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Tables for:
Pokemon Contagion: Photosensitive Epilepsy or Mass Psychogenic Illness?

[South Med J 94(2):197-204, 2001. © 2001 Southern Medical Association]


Table 1. Comparison of Symptoms Typical of Seizures, Mass Hysteria, and Pokémon Episodes


SymptomGran Mal
Seizure
Mass
Hysteria
Pokémon
Episode
Convulsions/muscle spasmYesYesYes
Fainting/loss of consciousnessYesYesYes
NauseaYesYesYes
Drooling/frothingYesYesNo
Sudden cryingYesYesNo
Loss of bladder controlYesNoNo
Bluish skinYesNoNo
Biting tongueYesNoNo
HeadachesNoYesYes
Bad/Blurry visionNoYesYes
DizzinessNoYesYes
VomitingNoYesYes
Shortness of breathNoYesYes


Table 2. Sequence of Events Surrounding Pokémon Episode


Tuesday, December 16, 1997, 6:30 PM
Pokémon episode 38 ("Computer Warrior Polygon") airs; flashing-lights segments begin at about 6:50 PM; Fire-Defense Agency claims that between 6:50 and 7:30 PM, 618 children were taken to hospitals with convulsions, headaches, and vision problems.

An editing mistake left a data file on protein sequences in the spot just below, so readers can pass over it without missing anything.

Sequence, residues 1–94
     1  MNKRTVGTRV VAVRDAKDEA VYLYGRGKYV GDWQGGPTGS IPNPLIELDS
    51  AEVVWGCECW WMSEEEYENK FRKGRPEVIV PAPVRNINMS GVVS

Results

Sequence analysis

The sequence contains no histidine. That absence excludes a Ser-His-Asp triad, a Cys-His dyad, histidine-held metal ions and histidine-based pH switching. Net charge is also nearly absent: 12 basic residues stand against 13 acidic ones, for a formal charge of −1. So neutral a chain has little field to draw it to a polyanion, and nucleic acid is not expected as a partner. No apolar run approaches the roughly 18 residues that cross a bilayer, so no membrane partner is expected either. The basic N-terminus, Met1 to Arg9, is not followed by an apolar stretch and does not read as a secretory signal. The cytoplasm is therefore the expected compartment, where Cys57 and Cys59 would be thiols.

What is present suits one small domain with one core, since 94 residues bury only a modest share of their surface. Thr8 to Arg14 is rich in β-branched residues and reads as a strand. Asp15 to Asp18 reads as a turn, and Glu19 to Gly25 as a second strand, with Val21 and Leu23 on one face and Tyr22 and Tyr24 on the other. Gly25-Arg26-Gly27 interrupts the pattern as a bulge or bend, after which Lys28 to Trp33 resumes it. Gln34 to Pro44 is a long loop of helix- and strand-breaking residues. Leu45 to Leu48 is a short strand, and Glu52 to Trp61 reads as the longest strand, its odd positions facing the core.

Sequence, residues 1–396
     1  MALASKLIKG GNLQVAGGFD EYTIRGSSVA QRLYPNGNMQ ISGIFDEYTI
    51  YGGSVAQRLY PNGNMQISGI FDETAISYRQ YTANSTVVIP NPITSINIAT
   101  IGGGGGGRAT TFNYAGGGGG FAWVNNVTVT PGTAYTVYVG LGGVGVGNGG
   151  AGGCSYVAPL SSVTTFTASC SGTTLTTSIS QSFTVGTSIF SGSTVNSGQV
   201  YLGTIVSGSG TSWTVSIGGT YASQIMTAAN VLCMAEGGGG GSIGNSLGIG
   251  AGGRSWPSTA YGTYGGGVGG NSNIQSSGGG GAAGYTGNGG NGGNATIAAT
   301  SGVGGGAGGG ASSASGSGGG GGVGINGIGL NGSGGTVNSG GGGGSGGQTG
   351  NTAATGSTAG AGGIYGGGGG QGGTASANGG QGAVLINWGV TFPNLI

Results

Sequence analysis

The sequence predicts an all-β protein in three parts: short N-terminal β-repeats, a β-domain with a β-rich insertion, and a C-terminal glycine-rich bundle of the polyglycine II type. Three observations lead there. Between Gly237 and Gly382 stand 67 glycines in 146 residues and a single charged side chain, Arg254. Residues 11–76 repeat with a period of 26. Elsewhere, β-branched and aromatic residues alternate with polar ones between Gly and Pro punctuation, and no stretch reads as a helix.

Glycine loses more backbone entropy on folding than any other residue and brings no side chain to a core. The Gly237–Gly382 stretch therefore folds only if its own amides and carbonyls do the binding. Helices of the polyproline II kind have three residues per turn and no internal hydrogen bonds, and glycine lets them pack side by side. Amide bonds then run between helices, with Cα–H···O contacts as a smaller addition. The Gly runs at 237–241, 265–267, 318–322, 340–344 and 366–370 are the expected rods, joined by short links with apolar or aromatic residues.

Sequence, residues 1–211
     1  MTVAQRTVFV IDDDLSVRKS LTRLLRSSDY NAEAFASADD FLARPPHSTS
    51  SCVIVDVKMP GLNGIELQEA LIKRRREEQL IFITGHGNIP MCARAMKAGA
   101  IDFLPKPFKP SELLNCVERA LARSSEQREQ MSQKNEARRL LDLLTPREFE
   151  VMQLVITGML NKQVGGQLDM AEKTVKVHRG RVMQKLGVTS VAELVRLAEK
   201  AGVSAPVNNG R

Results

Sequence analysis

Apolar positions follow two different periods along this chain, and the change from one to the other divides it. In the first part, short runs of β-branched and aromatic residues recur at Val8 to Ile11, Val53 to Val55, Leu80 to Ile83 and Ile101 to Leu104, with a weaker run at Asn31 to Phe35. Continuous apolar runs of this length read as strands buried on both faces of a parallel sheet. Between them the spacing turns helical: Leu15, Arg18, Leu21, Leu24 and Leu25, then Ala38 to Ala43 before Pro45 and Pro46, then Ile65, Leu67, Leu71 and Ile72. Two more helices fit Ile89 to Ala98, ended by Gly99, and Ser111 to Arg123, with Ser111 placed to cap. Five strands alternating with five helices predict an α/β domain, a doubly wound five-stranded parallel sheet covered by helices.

Tuesday, December 16, 1997 (later that night)
Evening news reports that hundreds of children were taken to hospitals from Pokémon "fits"; some news shows rebroadcast scene suspected of causing seizures. Second wave of children (number unknown) is affected after hearing or watching news.
Wednesday, December 17, 1997
Pokémon attacks are "the talk of the schoolyards."8 "Television and newspaper headlines Wednesday morning were dominated by the reports."10 Number of victims reported by mass media ranges from >600 to >700.
Thursday, December 18, 1997
Yomiuri Shimbun newspaper reports that nearly 13,000 children had "at least minor symptoms,"9 with 685 taken to hospitals.
Friday, December 19, 1997
Yomiuri Shimbun reports on completed investigations by the newspaper and local boards of education, finding the number of children reported to have experienced "fits, nausea, and other symptoms" to be 11,870.5